More Colorado theatre coverage on the DCPA NewsCenter

    John Moore: You show more of young Tommy throughout than any previous staging of the show.

    Sam Buntrock: In this production, we meet the 4-year old at the very beginning of the show, and he takes us through his understanding of who he is and how he came to be. It's his story. The parents are incredibly important, but it's not their story; it's his story. Their story is only there because it makes his story.

    John Moore: What made you think you could take two 4-year-old kids off the street to share the role and know they could handle so much responsibility?

    Sam Buntrock. Photo by John MooreSam Buntrock: It was hairy initially, because first we had to find these kids who could really carry the show. And that was important to me because I think there's nothing like seeing a real 4-year old on stage to understand who Tommy was when all of this happened to him. To connect that frailty and vulnerability. Having any child on the stage is inherently fragile because you don't know what's going to happen next. And when Samuel Bird and Radley Wright are on the stage, it's incredibly fragile. As an audience member, you see a child on the stage and you wonder, ‘Well, how is it going to run?’ For me, the most unsatisfying part of seeing this show in the past has been that we only meet the 4-year old Tommy for about 90 seconds before the moment of violence that changes the course of his life. Everything that is his childhood gets internalized, and he goes into his stasis. And he’s gone. Now, if we've only seen that for 90 seconds, it's impactful, but it's not profound. If we see the whole story through his eyes, through his imagination, through his exuberance and innocence and hope, then the moment it gets internalized, I think that's a stomach punch.

    John Moore: What do you want to say to people who might be on the fence about coming to see a rock opera about a traumatized and exploited pinball wizard?

    Sam Buntrock: I've been approaching this show like Shakespeare. My goal is presenting a story that is clear on a visual level. This is a piece that has required every skill set; every part of what I can do and want to do. I believe that we are presenting this in a fresh way, in a very authentic way, that I hope has strong emotional resonance. But it also is really bloody entertaining, you know? This is rock and roll — and it goes up to 11.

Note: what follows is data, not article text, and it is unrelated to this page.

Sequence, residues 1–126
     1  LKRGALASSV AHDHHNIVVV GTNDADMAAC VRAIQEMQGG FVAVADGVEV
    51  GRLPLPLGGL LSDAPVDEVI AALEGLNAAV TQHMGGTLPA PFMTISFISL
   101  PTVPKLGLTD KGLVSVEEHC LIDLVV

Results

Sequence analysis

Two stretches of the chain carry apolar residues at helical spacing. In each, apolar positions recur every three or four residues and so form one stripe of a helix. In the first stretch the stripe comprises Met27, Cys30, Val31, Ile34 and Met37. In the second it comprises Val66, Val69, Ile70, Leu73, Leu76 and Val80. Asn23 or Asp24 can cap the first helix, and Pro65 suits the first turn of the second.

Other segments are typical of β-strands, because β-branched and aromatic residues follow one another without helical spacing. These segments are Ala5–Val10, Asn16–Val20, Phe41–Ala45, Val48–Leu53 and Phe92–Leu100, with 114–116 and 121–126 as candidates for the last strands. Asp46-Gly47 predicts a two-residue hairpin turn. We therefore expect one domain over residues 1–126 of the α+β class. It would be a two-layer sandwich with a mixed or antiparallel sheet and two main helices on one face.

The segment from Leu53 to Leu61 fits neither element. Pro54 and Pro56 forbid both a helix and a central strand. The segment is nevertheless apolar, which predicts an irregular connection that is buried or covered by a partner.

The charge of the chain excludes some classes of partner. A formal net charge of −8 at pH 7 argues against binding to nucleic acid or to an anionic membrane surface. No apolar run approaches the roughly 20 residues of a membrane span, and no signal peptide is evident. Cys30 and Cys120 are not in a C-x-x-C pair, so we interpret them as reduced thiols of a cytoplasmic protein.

John Moore was named one of the 12 most influential theater critics in the U.S. by American Theatre Magazine in 2011. He has since taken a groundbreaking position as the Denver Center’s Senior Arts Journalist.



    Video: Your first look at The Who's Tommy at the Denver Center:

    Your first video look in video at scenes from the DCPA Theatre Company's new production of 'The Who's Tommy.' Video by David Lenk for the DCPA NewsCenter. 


    The Who's Tommy
    : Ticket information

    Tommy_show_thumbnail_160x160Based on The Who’s iconic 1969 rock concept album, Tommy is an exhilarating musical about the challenges of self-discovery and the resilience of the human spirit. When young Tommy retreats into a world of darkness and silence after a deeply traumatic incident, he must navigate a harsh and unforgiving world with no hope of recovery. But when he discovers a newfound talent for pinball, he’s swept up in the fame and fortune of his success. Tommy and his family give new voice to The Who’s classic stadium rock as they navigate the troubles and joys of being alive.
    • Presented by DCPA Theatre Company
    • Performances through May 27
    • Jones Theatre, Denver Performing Arts Complex
    • Call 303-893-4100 or BUY ONLINE
    Previous NewsCenter coverage of The Who's Tommy:
    Photo gallery: The making of The Who's Tommy at the Denver Center:

    The making of 'The Who's Tommy'
    The photos above are from the making of the DCPA Theatre Company's new production of The Who's Tommy, spanning the first day of rehearsal on March 13 to the Opening Night performance on April 27.To see more, click on the image above to be taken to our full gallery of photos.
  • The Who's Tommy: Opening night photos and celebration

    by John Moore | May 02, 2018
    Photo gallery: The making of The Who's Tommy at the Denver Center:

    The making of 'The Who's Tommy'

    The photos above are from the making of the DCPA Theatre Company's new production of The Who's Tommy, spanning the first day of rehearsal on March 13 to the Opening Night performance on April 27, including behind-the-scenes photos backstage and the celebration afterward in the Seawell Ballroom.

    To see more images, click on the image above to be taken to our full gallery of downloadable photos. All photos may be downloaded and shared with credit: Photo booth images by Bamboo Booth. All other opening-night photos by John Moore for the DCPA NewsCenter.

    The Who's Tommy, based on The Who’s iconic 1969 rock concept album, runs through May 27 in The Stage Theatre.

    Tommy Opening. Photo by John Moore
    That’s Radley Wright, who plays 4-year-old Tommy, off playing pinball while the openong-night party was going on in the Seawell Ballroom upstairs. Photo by John Moore for the DCPA NewsCenter. 
     
    Cast list:
    • Andy Mientus (Broadway’s Les Misérables, Spring Awakening, NBC’s “Smash”) as Tommy
    • Joe Beauregard (Kinky Boots first national tour) as Ensemble
    • Charl Brown (Broadway’s Motown The Musical) as Captain Walker
    • Katie Drinkard (DCPA’s The Wild Party) as Swing
    • Carson Elrod (Broadway’s Peter and the Starcatcher, Noise’s Off) as Uncle Ernie
    • Lulu Fall (Broadway’s Natasha Pierre and the Great Comet of 1812, Hair) as Acid Queen/EnsembleDCPA_TheWhosTommy-800 Bamboo Booth